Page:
39 and 3.93 inches (1 to 10 cm) above the guideway. Once the train islevitated, power is supplied to the coils within the guideway walls to create aunique system of magnetic fields that pull and push the train along theguideway. The electric current supplied to the coils in the guideway walls isconstantly alternating to change the polarity of the magnetized coils. Thischange in polarity causes the magnetic field in front of the train to pull thevehicle forward, while the magnetic field behind the train adds more forwardthrust. Maglev trains float on a cushion of air, eliminating friction. Thislack of friction and the trains’ aerodynamic designs allow these trains toreach unprecedented ground transportation speeds of more than 500 kmph, ortwice as fast as Amtrak’s fastest commuter train. In comparison, a Boeing-777commercial airplane used for long range flights can reach a top speed of about905 kmph.
Developers say that maglev trains will eventually link cities thatare up to 1,609 km apart. At 500 kmph, you could travel from Paris to Rome injust over two hours. Application·NASA plans to use magnetic levitation for launching of space vehicles into lowearth orbit. ·Boeing is pursuing research in Maglev to provide a Hypersonic Ground TestFacility for the Air Force.·The mining industry will also benefit from Maglev. DEVELOPMENT OF MAGLEV TRAINS : There are different factors which are used in the development ofmaglev trains, these help in movement, stability, guidance etc of a train . PROPULSION:SomeEMS systems can provide both levitation and propulsion using an on board linearmotor.
But some EDS systems are like they can levitate the train using themagnets on board but cannot propel it forward. As such, vehicles need someother technology for propulsion. A linear motor (propulsion coils) mounted inthe track is one solution STABILITY:Anycombination of static magnets cannot be in a stable equilibrium.
Therefore adynamic magnetic field is required to achieve stabilization. EMS systems relyon active electronic stabilization which constantly measure the bearingdistance and adjust the electromagnet current accordingly. All EDS systems relyon changing magnetic fields creating electrical currents, and these can givepassive stability. Because maglev vehicles essentially fly, stabilisation ofpitch, roll and yaw is required by magnetic technology. In addition torotation, move forward and backward, sway (sideways motion) or heave (up anddown motions) can be problematic with some technologies. GUIDANCESomesystems use Null Current systems (also sometimes called Null Flux systems);they use a coil which is wound so that it enters two opposing, alternatingfields, so that the average flux in the loop is zero.
When the vehicle is inthe straight ahead position, no current flows, but if it moves off-line thiscreates a changing flux that generates a field that naturally pushes and pullsit back into line. This is the guidance system of maglev trains. EVACUATEDTUBESSomesystems (notably the Swissmetro system) propose the use of maglev traintechnology used in evacuated (airless) tubes, which is used to remove air drag.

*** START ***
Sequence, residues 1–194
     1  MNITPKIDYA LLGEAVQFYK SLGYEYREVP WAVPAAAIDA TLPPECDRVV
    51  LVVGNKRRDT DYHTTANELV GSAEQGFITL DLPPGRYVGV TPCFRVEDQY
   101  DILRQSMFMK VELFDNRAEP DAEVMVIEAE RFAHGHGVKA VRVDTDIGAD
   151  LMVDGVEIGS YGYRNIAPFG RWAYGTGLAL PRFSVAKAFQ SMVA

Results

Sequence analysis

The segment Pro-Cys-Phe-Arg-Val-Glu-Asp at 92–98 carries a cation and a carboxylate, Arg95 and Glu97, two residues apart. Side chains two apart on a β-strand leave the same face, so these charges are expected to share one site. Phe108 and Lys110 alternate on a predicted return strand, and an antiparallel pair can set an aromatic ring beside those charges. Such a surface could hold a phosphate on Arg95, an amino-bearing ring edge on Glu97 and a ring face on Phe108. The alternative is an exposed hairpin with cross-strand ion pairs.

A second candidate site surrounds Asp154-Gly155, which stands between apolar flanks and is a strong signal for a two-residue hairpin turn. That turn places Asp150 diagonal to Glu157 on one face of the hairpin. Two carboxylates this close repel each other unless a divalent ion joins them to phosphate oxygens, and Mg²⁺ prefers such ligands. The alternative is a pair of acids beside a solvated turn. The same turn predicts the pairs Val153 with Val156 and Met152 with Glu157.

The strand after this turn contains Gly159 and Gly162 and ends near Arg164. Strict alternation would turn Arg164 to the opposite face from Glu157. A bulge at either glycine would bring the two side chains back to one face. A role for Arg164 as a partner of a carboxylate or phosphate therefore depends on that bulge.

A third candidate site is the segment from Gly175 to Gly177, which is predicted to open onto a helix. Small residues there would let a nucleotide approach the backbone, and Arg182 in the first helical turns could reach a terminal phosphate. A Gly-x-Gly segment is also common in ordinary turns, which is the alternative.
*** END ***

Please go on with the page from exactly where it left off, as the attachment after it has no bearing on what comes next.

This has the potential to increase speed and efficiency greatly, as most of theenergy for conventional maglev trains is lost due to aerodynamic drag. Onepotential risk for passengers of trains operating in evacuated tubes is that theycould be exposed to the risk of cabin depressurization unless tunnel safetymonitoring systems can repressurize the tube in the event of a trainmalfunction or accident.COMPARISON Comparison I Vehicle Design: Maglevis similar to other transport technology, but the implementation variesconsiderably according to the application. Choice of vehicle, weight, shape andlength dominate transport system design. There are 3 key issues that affect theEI of a transport system and are primarily determined by vehicle design.
Forhigh speed travel the dominant energy usage is to overcome aerodynamic drag.For constant speed travel EI is proportional to drag force per passenger.Airplanes do much better than it is possible for ground transportation becauseof lesser pressure at greater (12,000 m) height. Forlow-speed travel the dominant energy loss is due to the need to supply kineticenergy to change vehicle’s speed and this is lost when brakes are applied. Suspensionand propulsion losses are always significant. Not only is there a direct losssuch as wheel hysteresis and bearing friction but at high speed aerodynamicloss become more than direct losses.
With these facts in mind, consider thedesign aspect of the weight, shape and length. Weight:All transport technology has been moving in the direction of reducing vehicleweight, and using regenerative braking. Shape: Shapeis important because it affect aerodynamic loss and noise, both external andinternal. Even low speed vehicle should have modest streamlining and high speedvehicle need more extreme shapes. Japanese Fastech 360 train designed for360km/h, Trans rapid TR09 designed for 350-500 km/h.
the nose section is veryimportant for high speed, particularly for vehicles entering existing tunnels.For HSR the main aerodynamic drag is on the body, wheels and pantograph. Welldesigned maglev vehicle have less drag and are quieter than modern high speedtrains, even when going substantially faster. Length:Vehiclelength is a critical parameter. The frontal area is constrained by the assumedneed to provide height for standing head room and width for at least fourabreast sitting with reasonable comfort. With maglev the frontal can be lessthan for conventional trains because the suspension has less frontal area andthere is no pantograph. The minimum length is determined by passenger carryingability.
Comparison 2: Fuel Efficiency · Unlikethe previous forms of transportation, Maglev trains run on electricity ratherthan fossil fuels. Electricity is a renewable source of energy and can becreated in several different ways including nuclear, hydro and solar plants.Fossil fuels are non-renewable sources of energy.